Review: The Hackney Volpone, Rose Lipman Building
Published in Time Out, 28.07.2014
It’s dazed and confused, for sure, but otherwise there’s basically nothing east London about this bizarre, pitiful attempt to relocate Ben Jonson’s classic 1606 comedy to E8. In fact, The Hackney Volpone barely even tries that. We get a Cockney song, then Jonson’s characters talk of popping down to the Rialto. Er, Toto? I’ve got a feeling we’re not in Shoreditch any more.
Jonson’s play is a satire on avarice – all-encompassing, boundless greed. Volpone and his sidekick Mosca set up an inheritance scam by faking his imminent death. In 2014, in sight of the City, with loan sharks circling and benefit cheats limping, this should have real topical punch.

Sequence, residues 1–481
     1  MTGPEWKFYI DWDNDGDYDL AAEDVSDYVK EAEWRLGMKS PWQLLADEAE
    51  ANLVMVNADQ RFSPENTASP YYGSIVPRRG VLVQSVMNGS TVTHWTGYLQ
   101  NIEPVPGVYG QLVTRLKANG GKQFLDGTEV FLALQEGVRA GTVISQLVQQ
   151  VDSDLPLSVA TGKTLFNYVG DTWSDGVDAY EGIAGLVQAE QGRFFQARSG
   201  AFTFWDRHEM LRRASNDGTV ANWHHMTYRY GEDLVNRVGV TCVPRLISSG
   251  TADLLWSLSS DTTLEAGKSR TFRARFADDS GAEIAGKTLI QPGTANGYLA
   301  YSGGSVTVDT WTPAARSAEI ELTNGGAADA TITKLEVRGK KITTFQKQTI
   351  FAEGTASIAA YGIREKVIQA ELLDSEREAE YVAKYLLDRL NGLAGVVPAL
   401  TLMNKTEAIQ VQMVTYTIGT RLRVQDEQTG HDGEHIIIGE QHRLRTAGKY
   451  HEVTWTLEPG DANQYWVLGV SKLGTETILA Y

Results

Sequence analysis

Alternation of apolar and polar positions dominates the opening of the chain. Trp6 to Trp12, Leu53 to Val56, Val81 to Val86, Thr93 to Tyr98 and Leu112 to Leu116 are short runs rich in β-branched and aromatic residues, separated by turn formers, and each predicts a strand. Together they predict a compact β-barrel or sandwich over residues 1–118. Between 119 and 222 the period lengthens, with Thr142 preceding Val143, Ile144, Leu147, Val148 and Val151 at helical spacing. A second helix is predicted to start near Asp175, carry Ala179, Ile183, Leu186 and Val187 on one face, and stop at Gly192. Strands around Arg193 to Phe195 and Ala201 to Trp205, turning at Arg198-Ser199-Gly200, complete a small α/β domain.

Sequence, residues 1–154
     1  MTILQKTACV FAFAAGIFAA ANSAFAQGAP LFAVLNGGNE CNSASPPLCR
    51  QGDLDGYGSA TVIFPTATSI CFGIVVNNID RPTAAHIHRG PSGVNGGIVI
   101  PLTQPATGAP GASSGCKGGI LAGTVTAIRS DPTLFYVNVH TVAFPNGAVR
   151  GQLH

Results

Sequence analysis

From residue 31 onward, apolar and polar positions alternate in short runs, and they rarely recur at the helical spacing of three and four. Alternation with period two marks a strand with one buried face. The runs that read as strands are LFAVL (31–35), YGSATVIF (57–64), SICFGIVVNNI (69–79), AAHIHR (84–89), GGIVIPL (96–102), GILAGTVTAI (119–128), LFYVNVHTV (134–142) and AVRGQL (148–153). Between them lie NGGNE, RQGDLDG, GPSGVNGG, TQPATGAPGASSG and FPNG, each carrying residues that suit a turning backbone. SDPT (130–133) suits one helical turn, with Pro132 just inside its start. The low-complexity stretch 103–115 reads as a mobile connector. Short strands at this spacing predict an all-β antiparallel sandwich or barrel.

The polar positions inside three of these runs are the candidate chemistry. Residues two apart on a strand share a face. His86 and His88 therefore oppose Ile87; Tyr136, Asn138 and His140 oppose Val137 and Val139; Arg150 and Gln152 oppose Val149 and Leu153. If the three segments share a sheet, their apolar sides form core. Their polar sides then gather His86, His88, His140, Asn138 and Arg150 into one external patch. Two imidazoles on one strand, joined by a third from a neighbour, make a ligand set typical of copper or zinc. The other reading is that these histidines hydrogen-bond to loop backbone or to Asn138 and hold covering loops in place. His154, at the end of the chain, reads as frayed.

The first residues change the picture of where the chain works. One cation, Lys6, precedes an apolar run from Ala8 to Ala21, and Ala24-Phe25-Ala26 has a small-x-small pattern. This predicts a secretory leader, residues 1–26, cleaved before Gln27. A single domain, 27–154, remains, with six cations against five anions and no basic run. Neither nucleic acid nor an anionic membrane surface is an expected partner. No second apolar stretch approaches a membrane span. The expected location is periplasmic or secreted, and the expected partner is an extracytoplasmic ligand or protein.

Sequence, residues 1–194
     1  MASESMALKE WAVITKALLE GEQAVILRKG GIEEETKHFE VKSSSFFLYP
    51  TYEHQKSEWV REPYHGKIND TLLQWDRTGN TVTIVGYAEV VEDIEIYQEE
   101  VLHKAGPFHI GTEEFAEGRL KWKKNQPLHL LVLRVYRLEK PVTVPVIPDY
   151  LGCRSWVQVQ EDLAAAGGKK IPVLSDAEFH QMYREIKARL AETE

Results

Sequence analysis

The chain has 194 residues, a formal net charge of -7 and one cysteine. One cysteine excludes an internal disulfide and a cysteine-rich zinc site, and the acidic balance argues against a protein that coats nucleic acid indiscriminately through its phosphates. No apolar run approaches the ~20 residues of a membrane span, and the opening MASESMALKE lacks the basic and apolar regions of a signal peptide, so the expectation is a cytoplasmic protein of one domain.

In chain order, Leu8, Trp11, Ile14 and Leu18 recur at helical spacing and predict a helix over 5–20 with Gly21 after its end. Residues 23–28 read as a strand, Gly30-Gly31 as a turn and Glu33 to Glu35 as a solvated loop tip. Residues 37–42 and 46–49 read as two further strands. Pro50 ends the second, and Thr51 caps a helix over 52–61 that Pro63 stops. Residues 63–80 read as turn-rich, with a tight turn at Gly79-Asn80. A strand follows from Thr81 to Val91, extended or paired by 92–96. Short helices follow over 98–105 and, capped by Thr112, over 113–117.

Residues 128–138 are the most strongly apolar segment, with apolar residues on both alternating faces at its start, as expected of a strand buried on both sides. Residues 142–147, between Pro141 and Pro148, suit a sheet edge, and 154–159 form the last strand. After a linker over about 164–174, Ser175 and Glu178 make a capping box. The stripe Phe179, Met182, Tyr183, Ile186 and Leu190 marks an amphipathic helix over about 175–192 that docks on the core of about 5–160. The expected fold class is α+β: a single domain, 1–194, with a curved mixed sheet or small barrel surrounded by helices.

Not so. Anna Jones’s bare-stage production, plonked on a pop-up thrust stage in a community hall (and no, NYLon Projects, that doesn’t make it ‘immersive’), lacks any specificity whatsoever. You’d have thought, over the course of three hours, it might find some detail, but, sadly, it doesn’t.
James Turner’s costumes – assorted ruffs and high-tops – tell us nothing about either setting or social order. The actors – and I’ll save them the process of applying to Google for the right to be forgotten – reel off the lines by rote, heeding rhythm over meaning, while leading man and company co-founder Jamel Rodriguez (cough: vanity project) completely forgets that he’s playing a character with actual personality traits. Hackney hasn’t seen a performance this declamatory since the heyday of Ridley Road Market.
We could make allowances for some of this, but what earns The Hackney Volpone its lone star status is the way it sppears to exploit a community chorus. Jones deploys unpaid local residents as extras and glorified stage hands, leaving them exposed and, by the looks of it, embarrassed on several occasions. Frankly, that’s unforgivable.